Italy and Germany arrest Georgian gang
The criminals stored their loot in a special room before sending it to their home-city Kutaisi.
Italian and German authorities have detained 28 people who are believed to be associated with a criminal clan from Georgian Kutaisi. According to Italian law enforcement agencies, they have burgled 85 apartments since 2015. They kept the loot in a special warehouse before sending it to their homeland. A certain Petr Palamar is the assumed leader of the enterprise. The gang operated for several years in the provinces of Turin, Savona, Alessandria, Cuneo and Pavia.
They used the so-called Bulgarian key to snap off the locks, as it leaves no traces of forced entry. Searches in one of the premises revealed a training base with many different kinds of locks the criminals practiced on to work on the speed and skill.
The "Bulgarian key" is like a password for opening virtually all Italian doors equipped with double-card locks: a typical Italian system rarely used in other countries. It is assumed that it was invented by Bulgarian people or, at least, they were the first to use it. According to the most common version, it was invented by the Bulgarian secret service and has been on the black market for several years. The universal key is a very sophisticated tool. First, a key with an adjustable head is inserted into the lock. Then another tool imprints on the transformable key the teeth needed to unlock the door. Then a real key is made using the imprints. The technique allows opening locks that have been in use in Italy for about 20 years.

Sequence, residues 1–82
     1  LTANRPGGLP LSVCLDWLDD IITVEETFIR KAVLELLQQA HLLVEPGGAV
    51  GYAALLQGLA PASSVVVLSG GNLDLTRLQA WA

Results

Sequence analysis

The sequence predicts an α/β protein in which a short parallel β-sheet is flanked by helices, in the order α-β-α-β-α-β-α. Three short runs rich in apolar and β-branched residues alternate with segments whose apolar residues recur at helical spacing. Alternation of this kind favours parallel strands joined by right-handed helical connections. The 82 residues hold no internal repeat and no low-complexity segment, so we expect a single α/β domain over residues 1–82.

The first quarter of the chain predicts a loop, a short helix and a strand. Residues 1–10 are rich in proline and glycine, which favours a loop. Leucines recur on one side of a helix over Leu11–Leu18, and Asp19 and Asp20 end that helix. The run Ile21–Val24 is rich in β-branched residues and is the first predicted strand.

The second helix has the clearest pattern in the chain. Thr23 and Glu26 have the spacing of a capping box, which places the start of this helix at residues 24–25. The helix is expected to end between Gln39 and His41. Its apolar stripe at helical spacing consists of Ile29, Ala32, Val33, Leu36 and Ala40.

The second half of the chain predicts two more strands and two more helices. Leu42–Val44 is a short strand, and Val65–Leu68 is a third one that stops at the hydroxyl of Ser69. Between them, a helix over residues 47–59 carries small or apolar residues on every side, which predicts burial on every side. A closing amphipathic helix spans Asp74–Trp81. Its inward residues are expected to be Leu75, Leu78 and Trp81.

As the Italian media say, the robbers were "so stupid and self-assured" that they gave the finger to the CCTV while leaving one of the apartments. Having collected all the evidence, the police were able to track the mobsters down.
Earlier it was reported that Spain, Germany and Greece had arrested dozens of Georgian criminals. According to the Georgian Interior Ministry, Georgia took an active part in the detentions. Yesterday, Georgian Foreign Minister Mikheil Janelidze said that the government is cooperating with law enforcement agencies of European countries to find criminals of Georgian decent.
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